Sweet Tea, Solo Show About Black Gay Men of the South, Opens Sept. 20 in DC Premiere

News   Sweet Tea, Solo Show About Black Gay Men of the South, Opens Sept. 20 in DC Premiere
The pulse of Southern black gay men is taken by writer-actor E. Patrick Johnson in Sweet Tea: Black Gay Men of the South, opening Sept. 20 following previews from Sept. 13 at Signature Theatre in Arlington, VA.

E. Patrick Johnson
E. Patrick Johnson Photo by Scott Suchman

In a special limited engagement, Signature is presenting the Washington, DC, premiere of the multi-character solo show inspired by Johnson's award-winning book.

Directed by Rajendra Maharaj (365 Days at New York's Public Theater, and Marat Sade at the Classical Theatre of Harlem), Sweet Tea "collects life stories from black gay men of all ages who were born, raised, and continue to live in the Southern United States," according to Signature.

Performances play through Oct. 9 at Signature's intimate ARK Theatre. 

Inspired by Johnson's personal journey, Sweet Tea "explores the perceptions, angst, triumphs and vulnerabilities of this minority within a minority…a population rarely acknowledged in writings about the South," according to Signature. "With this play, Johnson reinforces the spoken-word tradition while challenging stereotypes — and finding humor, humanity and hope within."

Johnson said in a statement, "I am overjoyed about bringing Sweet Tea to Signature and the DC/NOVA area. In many ways, opening the show at Signature is like a homecoming, because the impetus for writing the book came from a gathering sponsored by US Helping US, People Into Living, Inc., a black HIV/AIDS outreach group based in DC. It was at that gathering in 1995 that the tales by older black men encouraged me to collect the stories of as many black men of the South as I could so that there could be a living archive for generations to come. It's an honor for me to bring these stories back 'home' to where it all began." Johnson is Carlos Montezuma Professor of Performance Studies and African American Studies at Northwestern University and an artistic fellow at the Ellen Stone Belic Institute for the Study of Women and Gender in the Arts and Media at Columbia College, Chicago, where he developed Sweet Tea into a play. A scholar/artist, Johnson has performed nationally and internationally and has published widely in the area of race, gender, sexuality and performance. His one-man show, Strange Fruit—A Performance About Identity Politics, toured around the country 1999-2004, and he has toured his staged reading, Pouring Tea: Black Gay Men of the South Tell Their Tales to over 80 college campuses around the country. He is the author of "Appropriating Blackness: Performance and the Politics of Authenticity" published by Duke University Press (2003), which won several awards, including the Lilla A. Heston Award, the Errol Hill Book Award, and was a finalist for the Hurston/Wright Legacy Award. He is co-editor (with Mae G. Henderson) of "Black Queer Studies: A Critical Anthology" with Duke University Press (2005). His most recent book, "Sweet Tea: Black Gay Men of the South—An Oral History" (2008), is published by the University of North Carolina Press and was named a Stonewall Book Award Honor Book, by the Lesbian, Gay, Bisexual and Transgendered Round Table of the American Library Association. Johnson also recorded the audio version of the book in 2009.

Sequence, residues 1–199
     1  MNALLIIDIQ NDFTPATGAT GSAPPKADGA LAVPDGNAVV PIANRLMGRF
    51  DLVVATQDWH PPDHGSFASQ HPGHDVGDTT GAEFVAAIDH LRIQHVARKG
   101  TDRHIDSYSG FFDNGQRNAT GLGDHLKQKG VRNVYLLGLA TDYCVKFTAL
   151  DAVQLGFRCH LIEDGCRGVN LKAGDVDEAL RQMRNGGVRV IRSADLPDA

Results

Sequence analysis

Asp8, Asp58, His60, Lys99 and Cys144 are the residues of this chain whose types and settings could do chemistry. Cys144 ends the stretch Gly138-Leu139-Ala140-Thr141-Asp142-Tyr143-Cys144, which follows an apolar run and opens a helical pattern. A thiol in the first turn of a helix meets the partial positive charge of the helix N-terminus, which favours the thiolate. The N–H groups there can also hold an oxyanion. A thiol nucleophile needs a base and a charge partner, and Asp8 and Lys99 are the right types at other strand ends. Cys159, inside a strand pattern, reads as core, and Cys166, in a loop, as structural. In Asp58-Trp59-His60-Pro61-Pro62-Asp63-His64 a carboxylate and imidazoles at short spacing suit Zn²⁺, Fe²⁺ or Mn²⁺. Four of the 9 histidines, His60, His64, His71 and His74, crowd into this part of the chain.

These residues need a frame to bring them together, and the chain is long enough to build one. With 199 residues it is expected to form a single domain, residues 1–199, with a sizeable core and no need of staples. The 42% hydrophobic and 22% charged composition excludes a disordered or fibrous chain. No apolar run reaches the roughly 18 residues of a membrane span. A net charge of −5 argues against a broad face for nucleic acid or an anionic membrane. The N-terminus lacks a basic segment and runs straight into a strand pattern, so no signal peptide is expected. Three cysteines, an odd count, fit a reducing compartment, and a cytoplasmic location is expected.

In 2010, Johnson was awarded the Randy Majors Award for Outstanding Contributions to LGBT Scholarship in Communication by the LGBT Caucus of the National Communication Association, the Leslie Irene Coger Award for Distinguished Performance by the Performance Studies Division of the National Communication Association, the Black Theater Alliance Award for Best Solo Performance for his performance in Sweet Tea, and was inducted into the Chicago LGBT Hall of Fame.

Sweet Tea is produced through special arrangement with Jane M. Saks.

For tickets and information about this and other productions at the Tony Award-honored Signature Theatre, visit www.signature-theatre.org.

E. Patrick Johnson
E. Patrick Johnson Photo by Scott Suchman
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